Adherent Nerve Root
I haven’t published 2 posts in one day in a while….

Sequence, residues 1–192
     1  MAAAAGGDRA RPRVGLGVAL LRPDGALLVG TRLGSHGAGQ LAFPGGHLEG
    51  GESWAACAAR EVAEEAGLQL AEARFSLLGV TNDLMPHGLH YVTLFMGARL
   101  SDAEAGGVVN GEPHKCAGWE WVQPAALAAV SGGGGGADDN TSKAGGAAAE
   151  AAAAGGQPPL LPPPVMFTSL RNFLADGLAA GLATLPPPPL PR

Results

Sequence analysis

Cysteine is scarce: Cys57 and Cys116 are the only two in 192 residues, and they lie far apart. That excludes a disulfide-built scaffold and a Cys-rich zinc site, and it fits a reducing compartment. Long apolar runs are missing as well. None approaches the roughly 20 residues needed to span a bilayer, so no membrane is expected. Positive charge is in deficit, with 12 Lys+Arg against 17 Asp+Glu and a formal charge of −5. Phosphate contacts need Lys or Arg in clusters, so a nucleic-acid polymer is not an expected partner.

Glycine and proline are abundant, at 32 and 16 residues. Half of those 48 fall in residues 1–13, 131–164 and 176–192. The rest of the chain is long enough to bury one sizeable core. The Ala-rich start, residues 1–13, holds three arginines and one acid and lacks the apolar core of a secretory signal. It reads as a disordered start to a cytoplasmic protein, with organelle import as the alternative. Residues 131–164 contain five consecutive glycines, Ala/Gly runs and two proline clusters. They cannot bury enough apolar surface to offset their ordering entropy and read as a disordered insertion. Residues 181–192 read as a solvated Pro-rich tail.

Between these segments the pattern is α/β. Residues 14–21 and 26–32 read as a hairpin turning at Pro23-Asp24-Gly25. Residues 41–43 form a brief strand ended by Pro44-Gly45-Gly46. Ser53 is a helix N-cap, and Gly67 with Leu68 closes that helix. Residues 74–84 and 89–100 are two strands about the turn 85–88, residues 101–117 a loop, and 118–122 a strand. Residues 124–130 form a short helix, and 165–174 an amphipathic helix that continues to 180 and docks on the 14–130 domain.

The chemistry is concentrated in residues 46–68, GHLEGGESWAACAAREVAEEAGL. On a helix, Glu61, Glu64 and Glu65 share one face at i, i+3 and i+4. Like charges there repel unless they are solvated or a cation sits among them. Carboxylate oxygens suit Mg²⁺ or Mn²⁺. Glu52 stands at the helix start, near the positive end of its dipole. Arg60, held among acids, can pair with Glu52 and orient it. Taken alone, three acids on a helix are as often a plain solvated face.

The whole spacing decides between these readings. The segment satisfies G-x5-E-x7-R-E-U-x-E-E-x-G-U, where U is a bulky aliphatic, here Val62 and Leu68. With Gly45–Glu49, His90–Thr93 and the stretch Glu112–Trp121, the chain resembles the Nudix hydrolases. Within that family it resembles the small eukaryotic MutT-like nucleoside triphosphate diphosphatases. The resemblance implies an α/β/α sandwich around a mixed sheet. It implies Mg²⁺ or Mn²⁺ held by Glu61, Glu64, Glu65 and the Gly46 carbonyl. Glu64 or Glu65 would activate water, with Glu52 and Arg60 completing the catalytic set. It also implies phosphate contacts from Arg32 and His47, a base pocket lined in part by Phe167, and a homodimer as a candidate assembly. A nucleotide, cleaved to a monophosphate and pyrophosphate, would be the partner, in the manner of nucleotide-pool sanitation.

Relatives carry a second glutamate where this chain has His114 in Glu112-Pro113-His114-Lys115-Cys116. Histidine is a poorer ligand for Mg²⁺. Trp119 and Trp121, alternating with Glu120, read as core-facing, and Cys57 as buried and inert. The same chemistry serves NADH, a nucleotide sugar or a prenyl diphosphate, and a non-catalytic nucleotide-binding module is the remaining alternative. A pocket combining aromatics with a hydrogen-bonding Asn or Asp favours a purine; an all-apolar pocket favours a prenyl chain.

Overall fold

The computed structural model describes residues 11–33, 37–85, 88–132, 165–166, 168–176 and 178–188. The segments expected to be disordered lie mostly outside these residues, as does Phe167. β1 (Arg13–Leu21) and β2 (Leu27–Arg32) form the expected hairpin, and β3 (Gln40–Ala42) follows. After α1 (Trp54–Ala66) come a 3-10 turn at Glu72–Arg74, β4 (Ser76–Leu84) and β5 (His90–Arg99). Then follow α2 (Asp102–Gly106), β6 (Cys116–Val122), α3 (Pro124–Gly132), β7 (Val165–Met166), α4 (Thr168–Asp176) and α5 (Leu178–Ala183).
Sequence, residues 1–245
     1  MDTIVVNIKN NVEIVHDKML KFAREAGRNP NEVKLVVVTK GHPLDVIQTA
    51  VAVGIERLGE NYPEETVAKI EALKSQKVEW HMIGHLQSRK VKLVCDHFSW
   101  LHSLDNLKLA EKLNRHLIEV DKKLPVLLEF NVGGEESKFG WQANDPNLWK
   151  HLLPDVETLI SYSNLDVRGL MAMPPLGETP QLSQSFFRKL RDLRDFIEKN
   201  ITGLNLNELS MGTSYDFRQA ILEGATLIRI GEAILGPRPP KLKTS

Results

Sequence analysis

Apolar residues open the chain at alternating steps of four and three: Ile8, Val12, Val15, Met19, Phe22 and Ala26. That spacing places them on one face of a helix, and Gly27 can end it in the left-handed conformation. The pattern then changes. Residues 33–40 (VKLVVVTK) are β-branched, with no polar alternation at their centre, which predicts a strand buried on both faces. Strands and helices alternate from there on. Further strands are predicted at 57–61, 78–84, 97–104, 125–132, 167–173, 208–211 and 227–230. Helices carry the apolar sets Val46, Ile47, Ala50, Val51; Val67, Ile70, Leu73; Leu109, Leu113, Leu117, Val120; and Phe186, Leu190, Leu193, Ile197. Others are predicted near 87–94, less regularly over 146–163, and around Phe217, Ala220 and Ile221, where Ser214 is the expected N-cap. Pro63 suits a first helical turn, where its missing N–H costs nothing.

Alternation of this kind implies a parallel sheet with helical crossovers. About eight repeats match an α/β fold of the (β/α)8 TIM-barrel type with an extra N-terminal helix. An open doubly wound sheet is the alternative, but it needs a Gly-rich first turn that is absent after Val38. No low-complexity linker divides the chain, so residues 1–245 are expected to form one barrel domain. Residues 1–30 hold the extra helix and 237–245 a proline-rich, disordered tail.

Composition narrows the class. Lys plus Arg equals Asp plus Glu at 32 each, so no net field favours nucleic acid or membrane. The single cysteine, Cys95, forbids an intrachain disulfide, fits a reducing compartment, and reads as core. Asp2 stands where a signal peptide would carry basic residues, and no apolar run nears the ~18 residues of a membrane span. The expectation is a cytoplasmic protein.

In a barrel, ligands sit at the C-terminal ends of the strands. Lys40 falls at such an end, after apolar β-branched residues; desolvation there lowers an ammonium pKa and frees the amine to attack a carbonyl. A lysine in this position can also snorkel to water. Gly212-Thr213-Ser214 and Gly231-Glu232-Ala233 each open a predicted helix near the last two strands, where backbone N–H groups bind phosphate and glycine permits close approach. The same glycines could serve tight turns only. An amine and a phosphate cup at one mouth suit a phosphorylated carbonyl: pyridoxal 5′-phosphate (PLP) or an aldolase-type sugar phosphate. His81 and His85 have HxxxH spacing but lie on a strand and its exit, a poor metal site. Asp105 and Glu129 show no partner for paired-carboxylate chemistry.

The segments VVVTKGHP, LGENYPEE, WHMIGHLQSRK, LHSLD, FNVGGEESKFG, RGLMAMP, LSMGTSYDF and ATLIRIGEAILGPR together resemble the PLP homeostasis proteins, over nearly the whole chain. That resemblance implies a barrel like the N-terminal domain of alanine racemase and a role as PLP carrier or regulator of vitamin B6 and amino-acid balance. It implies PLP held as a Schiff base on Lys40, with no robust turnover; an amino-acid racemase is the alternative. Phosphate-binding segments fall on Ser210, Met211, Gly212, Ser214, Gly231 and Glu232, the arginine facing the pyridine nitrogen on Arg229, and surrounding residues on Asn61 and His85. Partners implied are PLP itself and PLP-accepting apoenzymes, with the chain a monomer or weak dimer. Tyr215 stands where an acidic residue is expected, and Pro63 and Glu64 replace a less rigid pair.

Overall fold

I wrote a post about nerve glides the other day and it made me think of this because nerve glides, well flossing, apparently the interweb likes the term “nerve flossing” better. Nerve flossing is the way to treat this issue. You have back pain ok? Well do this……………..In standing, bend over forward, make sure you’re bending at the waist, not the hips. If you bend at the hips and keep your back straight – which is how you should bend forward all the time in your everyday life – but when you do that for this purpose this test won’t work because you’re keeping the spinal cord on slack. Bend forward at the waist curling your back into the shape of a ‘C’, does that make the pain worse? If the answer is yes, then do this…. Bend one knee and put your foot up on a chair or something. Then with your knee bent, bend over forward at the waist again. Does this make the pain worse? If the answer is still yes, something is going on at your low back. If the answer is no, you might have an adherent nerve root causing your pain. Here’s what that means. Where the nerve comes out of the spinal column, it adhered to something and isn’t moving properly so every time the nerve gets tension placed on it, it causes pain. Since the nerve became adhered to something, when you move in certain directions and assume certain positions, the nerve doesn’t move as it normally would and hurts. You might not have pain where the nerve became adhered to something, the pain might manifest somewhere else. The body is f’ing weird. Adherent nerve roots happen frequently after a surgery because all the scar tissue might trap the nerve so you want to break up that scar tissue and mobilize the nerve. This can happen anywhere along the spine but it’s most common with the nerves of the low back/legs. Good video, 6 minutes long but it explains ANRs well if you feel like watching it.